All of this craziness comes with a cel-shaded visual appeal that wouldn’t be anything special if it weren’t for the fact that everything is so damn stylized. Lollipop Chainsaw has this comic book vibe that carries over into its UI, menus, and even loading screens. It all works in conjunction to make a game that’s not pushing the boundaries of what your console can do but is just plain fun to look at. And we can’t really complain about that, now can we?
To compliment the game’s insanity is the soundtrack, a brilliantly schizophrenic mix of punk rock and 50’s rock ‘n’ roll (among other things). Not only does it work extremely well in the context, but it’s super fun to listen to.
And the voice acting isn’t too shabby either, thanks to Tara Strong (who you might remember as the voice of Harley Quinn in Arkham City) and Michael Rosenbaum. Of course, the acting is campy, but it’s intentionally campy, giving a great overall B-movie vibe to the whole thing. Let’s just say it’s more Rocky Horror Picture Show than Shawshank Redemption . And I’m perfectly okay with that.
If the M rating wasn’t already an indication, this is not a game you should play with your kids. Or your grandparents. The violence is extreme, everything is over-sexualized, and there’s no shortage of F-bombs. In fact, this last feature is to the game’s detriment. A few bad words here and there are fine, but Lollipop Chainsaw uses them so excessively that they lose their impact before the end of the first chapter. There are even a couple places where I heard an expletive and was confused as to why the writers even put it there.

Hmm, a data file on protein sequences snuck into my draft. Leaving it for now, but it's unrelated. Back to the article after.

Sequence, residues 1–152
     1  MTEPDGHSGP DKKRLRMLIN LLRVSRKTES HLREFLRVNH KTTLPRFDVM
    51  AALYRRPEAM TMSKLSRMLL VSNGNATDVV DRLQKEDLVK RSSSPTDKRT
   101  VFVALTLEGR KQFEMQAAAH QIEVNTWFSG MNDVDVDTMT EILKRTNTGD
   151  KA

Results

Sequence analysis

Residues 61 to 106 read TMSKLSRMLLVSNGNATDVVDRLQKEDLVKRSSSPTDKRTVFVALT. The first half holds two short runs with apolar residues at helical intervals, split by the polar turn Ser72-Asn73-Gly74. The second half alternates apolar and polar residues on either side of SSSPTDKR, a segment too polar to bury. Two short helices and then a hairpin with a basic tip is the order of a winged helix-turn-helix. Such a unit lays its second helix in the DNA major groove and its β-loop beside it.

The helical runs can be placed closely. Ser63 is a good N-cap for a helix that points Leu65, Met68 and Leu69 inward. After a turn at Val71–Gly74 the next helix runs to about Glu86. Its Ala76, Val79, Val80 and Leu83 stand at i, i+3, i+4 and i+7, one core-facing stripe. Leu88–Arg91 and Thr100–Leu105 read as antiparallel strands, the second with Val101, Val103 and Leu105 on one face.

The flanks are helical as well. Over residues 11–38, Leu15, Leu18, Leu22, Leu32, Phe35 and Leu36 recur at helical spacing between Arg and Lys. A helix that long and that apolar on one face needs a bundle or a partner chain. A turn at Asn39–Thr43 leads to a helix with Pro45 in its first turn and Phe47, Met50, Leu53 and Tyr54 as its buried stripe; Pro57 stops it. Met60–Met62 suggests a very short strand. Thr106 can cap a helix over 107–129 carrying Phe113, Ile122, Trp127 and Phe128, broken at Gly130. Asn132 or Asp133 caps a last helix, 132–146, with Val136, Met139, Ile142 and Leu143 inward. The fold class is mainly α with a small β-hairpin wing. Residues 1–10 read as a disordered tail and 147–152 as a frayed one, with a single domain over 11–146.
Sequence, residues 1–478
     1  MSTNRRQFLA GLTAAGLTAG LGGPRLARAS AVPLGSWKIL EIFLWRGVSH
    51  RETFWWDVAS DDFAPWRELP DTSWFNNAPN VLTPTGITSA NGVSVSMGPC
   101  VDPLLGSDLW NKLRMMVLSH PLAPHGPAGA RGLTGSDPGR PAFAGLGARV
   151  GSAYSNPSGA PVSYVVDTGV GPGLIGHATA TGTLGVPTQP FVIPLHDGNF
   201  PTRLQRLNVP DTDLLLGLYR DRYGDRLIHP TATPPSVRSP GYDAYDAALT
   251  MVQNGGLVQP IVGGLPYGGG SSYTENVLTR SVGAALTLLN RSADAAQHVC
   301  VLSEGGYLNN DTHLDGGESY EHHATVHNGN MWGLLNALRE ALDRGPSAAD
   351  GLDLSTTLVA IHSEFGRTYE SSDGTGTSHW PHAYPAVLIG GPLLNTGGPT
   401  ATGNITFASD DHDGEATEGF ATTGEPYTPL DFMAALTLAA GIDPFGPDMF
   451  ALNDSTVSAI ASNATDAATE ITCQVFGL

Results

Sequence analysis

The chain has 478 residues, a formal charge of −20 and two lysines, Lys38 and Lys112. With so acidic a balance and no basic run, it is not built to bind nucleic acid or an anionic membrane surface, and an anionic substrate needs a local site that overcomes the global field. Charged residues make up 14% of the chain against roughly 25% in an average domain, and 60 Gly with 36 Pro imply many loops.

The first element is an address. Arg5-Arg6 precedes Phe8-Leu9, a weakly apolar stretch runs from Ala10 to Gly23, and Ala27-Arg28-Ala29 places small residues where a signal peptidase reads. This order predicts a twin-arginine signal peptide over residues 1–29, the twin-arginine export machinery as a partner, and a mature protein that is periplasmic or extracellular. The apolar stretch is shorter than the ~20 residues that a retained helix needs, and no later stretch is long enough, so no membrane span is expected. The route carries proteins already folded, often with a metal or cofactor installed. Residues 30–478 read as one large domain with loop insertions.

And as long as I’ve wandered into the complaint section of this review, let’s talk about the downside of the controls: the wonky camera. You will be wrestling with it quite frequently, which is something I’m pretty sure game developers should have down pat by now. Sure, you have control over it, but getting into corners or against walls will often send the camera way off in a direction you didn’t intend. Of course, there isn’t really any super precise platforming or anything in the game, so the bad cameras won’t affect you as much as they would in some other games. Still, there are times where it’s just plain annoying.
At the end of the day, though, Lollipop Chainsaw is a game about mindlessly hacking things to bits with a chainsaw while staring at Juliet’s cute fanny (hey, she just turned eighteen; she’s legal). It’s not perfect, but it’s insane amounts of incredibly stylized, so-moronic-it’s-almost-genius fun. And really, we’d expect no less from the man who brought us No More Heroes.
RATING OUT OF 5 RATING DESCRIPTION 4.0 Graphics
Cel-shaded visuals with highly stylized, comic book-style menus. 3.8 Control
Simple yet precise, though the camera can be pretty wonky. 4.8 Music / Sound FX / Voice Acting
Amazing soundtrack, with great B-movie vocal performances from Tara Strong and Michael Rosenbaum. 4.0 Play Value
The campaign will last about eight hours, but the levels can be replayed to unlock tons of extra goodies. 4.2 Overall Rating – Great
Not an average. See Rating legend below for a final score breakdown.
|Review Rating Legend|
|0.1 – 1.9 = Avoid||2.5 – 2.9 = Average||3.5 – 3.9 = Good||4.5 – 4.9 = Must Buy|
|2.0 – 2.4 = Poor||3.0 – 3.4 = Fair||4.0 – 4.4 = Great||5.0 = The Best|